by Thais Harris, NC
Nutrition Education Manager, Ceres Community Project
Based on article originally posted on Thais’ Nourish Together blog at: http://nourishtogether.com/nutrition-to-manage-pain-and-lower-inflammation/
One major reason for pain is inflammation (inflammation also precedes development of diabetes, auto-immune conditions and other diseases - even cancer). So taking a look at inflammation and doing everything we can to reduce it is of extreme importance today, especially since inflammation can be largely attributed to our modern lifestyle. “Specifically, dietary triggers (fructose, wheat and industrial seed oils), stress, poor sleep, gut dysbiosis and environmental toxins all cause inflammation on their own. When combined together, they are an explosive mix” (Chris Kresser, 2010).
According to Nutrition Data, “inflammation can silently involve every cell in your body and, over time, negatively affect your health and abilities. For example, allergies, joint pain, and premature aging are just a few of the common ailments linked to “systemic inflammation…” The levels of certain chemicals in your blood are known to increase with increased levels of inflammation. One of these chemical markers for inflammation is a protein called C-reactive protein (CRP). CRP is often measured in conjunction with other blood tests, and normal values are well established. From a clinical standpoint, a CRP level of less than 5 milligrams per liter of blood is considered normal. “Normal” may not be optimal, though. Many medical researchers believe that even slight elevations of CRP are tied to increased risk for heart attack, stroke, and many other diseases.”
Without the CRP test, we can tell if a system is inflamed if there is constant allergic reaction activity (seasonal, foods, dust), inability to lose weight no matter how little one eats, headaches, body aches, joint pain, and mucus formation, for example.
Doctor Tom O’Brien, a Functional Medicine and gluten-sensitivity expert, says that “each bite we eat is either inflammatory or anti-inflammatory, so we need to choose more anti-inflammatory foods to feed ourselves with.” Once you have the knowledge of what is anti-inflammatory, it becomes easy to answer this question and make choices based on your answers. It is also important to note that we all have very individual needs and what is inflammatory for one person may not be for another and the same goes for anti-inflammatory foods. All we can do is provide a general guideline based on multiple studies and the literature we consider tried and tested. You will need to listen to your body in order to know if the anti-inflammatory foods we suggest agree with you or not.
Here are some of the best anti-inflammatory foods most of us can benefit from:
Omega-3 Foods: wild salmon, sardines, nuts and seeds (notably flaxseeds, hemp seeds, and walnuts), organic & fermented soybeans (ie. tempeh), winter squash, purslane.Foods rich in omega-3 fatty acids are considered anti-inflammatory because this class of nutrients serves as precursors for compounds in the body (such as certain prostaglandins and leukotrienes) that have anti-inflammatory activity.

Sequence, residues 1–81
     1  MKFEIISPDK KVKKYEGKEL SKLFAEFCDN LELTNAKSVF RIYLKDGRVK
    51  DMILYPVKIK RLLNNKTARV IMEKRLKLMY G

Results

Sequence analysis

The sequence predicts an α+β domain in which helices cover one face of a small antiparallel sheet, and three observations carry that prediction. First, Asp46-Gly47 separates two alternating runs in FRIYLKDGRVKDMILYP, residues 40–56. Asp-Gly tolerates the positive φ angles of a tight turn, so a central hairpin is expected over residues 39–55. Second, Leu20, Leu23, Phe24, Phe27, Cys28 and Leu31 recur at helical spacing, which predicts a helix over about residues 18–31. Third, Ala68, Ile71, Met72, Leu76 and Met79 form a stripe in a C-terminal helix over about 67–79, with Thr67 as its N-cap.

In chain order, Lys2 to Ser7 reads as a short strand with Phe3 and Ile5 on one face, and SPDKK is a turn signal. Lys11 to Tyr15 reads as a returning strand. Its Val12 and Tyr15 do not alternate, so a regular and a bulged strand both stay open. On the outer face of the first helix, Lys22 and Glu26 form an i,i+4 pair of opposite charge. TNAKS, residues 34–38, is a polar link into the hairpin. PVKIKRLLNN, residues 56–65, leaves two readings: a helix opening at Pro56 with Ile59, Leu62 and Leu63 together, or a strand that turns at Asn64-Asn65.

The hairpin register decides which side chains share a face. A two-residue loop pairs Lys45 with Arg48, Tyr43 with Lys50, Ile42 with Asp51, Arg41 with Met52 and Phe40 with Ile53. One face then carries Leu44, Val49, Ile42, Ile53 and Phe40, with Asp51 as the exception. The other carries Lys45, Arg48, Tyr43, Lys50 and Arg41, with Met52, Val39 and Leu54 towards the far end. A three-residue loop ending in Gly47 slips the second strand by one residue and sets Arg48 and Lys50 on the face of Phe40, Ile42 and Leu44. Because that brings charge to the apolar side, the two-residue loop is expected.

Extra virgin olive oil: it contains healthy fats (monounsaturated fats), and has been found to have anti-inflammatory benefits. Some of these benefits seem to come through its unique antioxidant phytonutrients, such as oleuropein and hydroxytyrosol. It’s important to note that these phytonutrients are more concentrated in extra virgin olive than other types of olive oil. Olive oil should not be exposed to high temperatures. Use coconut oil or ghee for anything over 350 degrees. The benefits of olive oil are well studied and reasonable consumption can be up to 1 liter a week! (A couple of tablespoons a day will do just fine too).
Deep colored fruits and vegetables: berries, cherries, beets, leafy greens (like kale and chard), and pomegranates.Pineapple also contains a proteolytic (protein-digesting) enzyme called bromelain that has anti-inflammatory activity. Flavonoid and carotenoid phytonutrients (present in colorful fruits and veggies) also have strong anti-inflammatory and antioxidant properties and are a great inclusion in any diet geared towards controlling inflammation.
Spices: turmeric, ginger and garlic are among the highest anti-inflammatory spices – and they add wonderful flavors and aroma to just about any dish. Turmeric is the most studied spice in the world and its benefits are vast: its strong anti-inflammatory compound, curcumin, has been shown to have the same effect or better than prescription and over-the-counter medicines to lower pain and inflammation. It promotes joint health, enhances the liver’s detoxification pathways and inhibits the formation of certain cancer-causing chemicals in the body (Mateljan, 2015).
Foods to avoid: those that may promote inflammation, such as vegetable oils (sunflower oil, corn oil, and any highly processed oils including canola and soybean oils) as they are rich in omega-6 fatty acids (which are inflammatory, working the opposite way from the healthy omega-3s. It is not that your diet should not have any omega-6 fatty acids - it is just that most people already get an ample supply of these fatty acids in their diets and therefore should try to minimize concentrated food sources of them in order to maintain a balanced omega-6 to omega-3 fatty acid ratio); refined foods such as white flour, white rice and white sugar; processed foods that contain synthetic flavorings, colorings and preservatives; excess dairy; and commercially raised and processed meats.
1. Chris Kresser, 2010. How Inflammation Makes You Fat. Retrieved from:
2. Mateljan, George. The World’s Healthiest Foods, 2nd Edition. GMF Publishing, 2015. World’s Healthiest Foods Retrieved from: http://www.whfoods.com/genpage.php?tname=george&dbid=163
3. Nutrition Data:
4. Bauman College Therapeutic Nutrition Notebook, 2012